Ok – so the goal is to have a stinking cool-ass birthday party theme without being a Fortune 500 mommy (or Fortune 500 beneficiary) of some kind. I don’t live in Conn. for heaven’s sake (you know why they call it that, right…?)
I basically got the idea from lots of fancy and expensive handmade envelopes I was seeing and an aisle and sale of paper goods at Rite Aid. It’s not the fastest way to do something, but I started thinking about it 2 months in advance, which is good lead time for any project of small proportions. Instructions after the jump.
Here’s what you need:
- manilla 6×9 envelopes (@$2.50 per pack of 6, each 6-pack makes 12)
- sharp scissors
- old Babar books (I found some for $3 each/free shipping at bookfinder.com)
- glue stick
- cool-looking shipping labels (Rite Aid/$1.50 for tons)
- Photoshop or gimp
- Knowledge of how to use Photoshop or gimp (I think it’s doable Microsoft Word, too)
- A few nice selections from dafont.com loaded on your computer (we used ‘commercial script’ for the de Brunhoff cursive and ‘cute cartoon’ for the Wes Anderson-looking block font.)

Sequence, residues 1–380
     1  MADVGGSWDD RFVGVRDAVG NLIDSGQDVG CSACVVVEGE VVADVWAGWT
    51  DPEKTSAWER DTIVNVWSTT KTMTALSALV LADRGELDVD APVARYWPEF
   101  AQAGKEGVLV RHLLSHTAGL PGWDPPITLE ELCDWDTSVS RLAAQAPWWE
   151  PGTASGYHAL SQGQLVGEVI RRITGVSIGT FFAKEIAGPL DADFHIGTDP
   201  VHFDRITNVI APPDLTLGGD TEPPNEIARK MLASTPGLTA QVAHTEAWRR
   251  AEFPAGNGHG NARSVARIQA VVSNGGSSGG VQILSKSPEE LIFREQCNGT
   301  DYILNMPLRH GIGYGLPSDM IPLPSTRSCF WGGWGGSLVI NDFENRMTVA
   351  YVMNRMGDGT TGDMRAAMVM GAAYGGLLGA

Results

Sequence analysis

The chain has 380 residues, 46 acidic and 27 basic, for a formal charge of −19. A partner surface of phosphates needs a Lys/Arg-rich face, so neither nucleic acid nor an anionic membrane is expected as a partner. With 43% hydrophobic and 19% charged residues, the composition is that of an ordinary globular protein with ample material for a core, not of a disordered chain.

- A digital image you like of Babar scene
Step 1. Mark the manilla envelopes with two lines midway down. These are guides for where you will pierce, and then cut them into two new envelopes.
Step 2. Pierce the side at the lower mark (closer to the base) and pull open the envelope. On one side, cut along the lower marking. On the opposing envelope’s side, cut along the upper marking. Now you have two pieces.
Step 3. Shape the cuts so they make flaps, and fold the flaps down and up, respective of which side they’re on.
Step 4. Glue the edge down.
Step 5. Pick a good spot to stick a label on an envelope and do it now. Or else be like me, and jump to Step 6 half the time.
Step 6. Cut out a stupid-adorable image from a book you definitely don’t want to keep. Glue it on an envelope. (A good one might be Babar’s Battle, about a blood feud waged over water, or Babar Saves the Day, which is just full of all kinds of band-member acrimony.)
Often I will put the label on afterwards, and wind up cutting down the label’s size to suit the cartoon scenario. Both systems work OK.
For instructions on invitations, visit the next tutorial.